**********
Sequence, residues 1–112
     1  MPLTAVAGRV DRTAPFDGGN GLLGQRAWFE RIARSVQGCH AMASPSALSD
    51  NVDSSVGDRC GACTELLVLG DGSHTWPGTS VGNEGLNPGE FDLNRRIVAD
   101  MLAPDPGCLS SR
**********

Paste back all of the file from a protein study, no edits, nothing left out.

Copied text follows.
Sequence, residues 1–112
     1  MPLTAVAGRV DRTAPFDGGN GLLGQRAWFE RIARSVQGCH AMASPSALSD
    51  NVDSSVGDRC GACTELLVLG DGSHTWPGTS VGNEGLNPGE FDLNRRIVAD
   101  MLAPDPGCLS SR